Major Accidents and Critical Illness Averaged $26,900 and $50,600 Respectively; How supplemental benefits help maximize benefits strategy
February 7, 2014 – NEW YORK–(BUSINESS WIRE)–MetLife, a leading provider of employee benefits, today announced the release of new research exploring the growing need and popularity of supplemental health solutions. Findings are highlighted in MetLife’s white paper, Accident and Critical Illness Insurance Are Surprisingly Good for Business!, which examines the financial risks associated with accidents and critical illnesses and how employers can effectively leverage voluntary insurance solutions to not only provide added financial protection to employees, but to address their own business challenges. The paper can be downloaded at metlife.com/cwb.
The Financial Impact of Accidents and Critical Illnesses
The white paper is based on two studies: the MetLife Accident and Critical Illness Impact Study and the MetLife Accident and Critical Illness IQ Study, both conducted in late 2013. The Impact Study reveals the significant financial impacts accidents and critical illnesses can have on families. The study finds that out-of-pocket costs associated with an unexpected health issue can be as high as $4,112 for an accident and $14,444 for a critical illness. Moreover, lost income from accidents and critical illnesses can be as much as $26,900 and $50,600 respectively, putting a significant burden on a household. This is especially concerning since one in four surveyed employees admit they do not know where the money would come from should they face a health issue such as critical illness.
“According to the MetLife Accident and Critical Illness IQ Study employees significantly underestimate the costs associated with an accident or critical illness, especially lost income. This disconnect may leave employees financially vulnerable should they face an unexpected health issue,” says Meredith Ryan-Reid, vice president, Accident & Health/Worksite Benefits for MetLife. “Further, the shift toward increased employee responsibility for health care costs through consumer-directed and high deductible heath care plans is leaving employees more exposed than ever to these financial risks. Even with medical and disability coverage, there are gaps in these coverages that could leave employees unprepared.”
Supplemental Health Solutions
Supplemental health products, such as accident and critical illness insurance, can help fill in the gaps, which may include lost income and out-of-pocket medical and non-medical expenses such as co-pays, transportation to treatment centers, and childcare. Accident and critical illness benefits are paid regardless of what is covered by medical insurance or other coverages and payments are made directly to employees to spend as they choose.
A cost-effective way for employers to offer added protection employees need and want, these products also have the potential to boost benefits satisfaction, loyalty and retention. According to the IQ Study, nearly six out of ten employees reported they would feel positive about their employers if they offered accident and/or critical illness insurance.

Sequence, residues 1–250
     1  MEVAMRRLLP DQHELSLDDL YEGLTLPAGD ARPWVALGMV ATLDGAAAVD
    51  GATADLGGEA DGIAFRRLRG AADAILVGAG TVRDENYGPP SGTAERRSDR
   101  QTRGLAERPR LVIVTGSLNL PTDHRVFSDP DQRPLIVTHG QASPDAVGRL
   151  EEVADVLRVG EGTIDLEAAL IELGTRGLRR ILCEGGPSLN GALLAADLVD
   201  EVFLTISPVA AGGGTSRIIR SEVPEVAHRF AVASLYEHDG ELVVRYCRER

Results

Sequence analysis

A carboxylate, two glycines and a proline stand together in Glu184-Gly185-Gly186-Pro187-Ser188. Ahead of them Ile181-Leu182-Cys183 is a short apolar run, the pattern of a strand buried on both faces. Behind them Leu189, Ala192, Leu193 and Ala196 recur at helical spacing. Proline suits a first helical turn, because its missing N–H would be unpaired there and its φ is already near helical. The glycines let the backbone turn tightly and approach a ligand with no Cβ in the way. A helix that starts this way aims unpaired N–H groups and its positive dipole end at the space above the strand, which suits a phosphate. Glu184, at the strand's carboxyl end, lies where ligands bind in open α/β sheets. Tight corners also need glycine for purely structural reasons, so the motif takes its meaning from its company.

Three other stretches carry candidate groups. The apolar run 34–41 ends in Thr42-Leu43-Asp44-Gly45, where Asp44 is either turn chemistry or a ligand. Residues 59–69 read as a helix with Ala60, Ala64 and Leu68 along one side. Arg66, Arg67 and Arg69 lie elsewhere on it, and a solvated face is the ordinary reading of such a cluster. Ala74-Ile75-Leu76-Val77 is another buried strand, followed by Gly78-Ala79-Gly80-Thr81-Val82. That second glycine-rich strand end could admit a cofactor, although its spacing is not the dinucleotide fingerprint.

Yet, employees may be confused about supplemental health products and may not understand how they work. The IQ Study reveals that employees seriously underestimate the scope, flexibility and ease of use of these products. For example, 85% and 83% of respondents do not know everything covered by accident and critical illness coverage, respectively.
“Employees are concerned about the potential for an accident or illness. Our study found that 60% worried about the financial impact of a critical illness on their families,” notes Ryan-Reid. “Despite this concern, our study found that employees may not even be aware of potential solutions—half of the worried respondents (51%) are unaware of the potential solution provided by critical illness insurance.”
Employers Taking Action
To effectively implement a robust supplemental health benefits strategy, employers must take actions beyond simply adding these products to the enrollment ballot. Employers must be proactive in communicating to employees about these benefits to develop awareness and value; workers must recognize the advantages of these offerings before they open their wallets. And, of course, the products offered must fit into a broader healthcare strategy. The white paper provides important findings that every employer should know to implement, communicate, and maximize enrollment in voluntary accident and critical illness insurance benefits.
In August and September of 2013, MetLife sponsored two online surveys, conducted by GfK, to measure the awareness of accident and critical illness insurance and the financial impact that an accident or a critical illness can have on a typical U.S. household. The first survey, the MetLife Accident and Critical Illness IQ Study, featured interviews with 1,000 respondents, ages 25-55, including 441 people who work full-time. The second survey, the MetLife Accident and Critical Illness Impact Study, featured interviews with 2,017 respondents (1,017 critical illness and 1,000 accident), ages 25 or older who were affected by an accident or critical illness between six months and five years prior to the survey. A key requirement to participate in the study was that the individual for whom the survey questions were intended had health insurance at the time of diagnosis.
MetLife, Inc. (NYSE:MET), through its subsidiaries and affiliates (“MetLife”), is a leading global provider of insurance, annuities and employee benefit programs, serving 90 million customers. MetLife holds leading market positions in the United States, Japan, Latin America, Asia, Europe and the Middle East. For more information, visit www.metlife.com.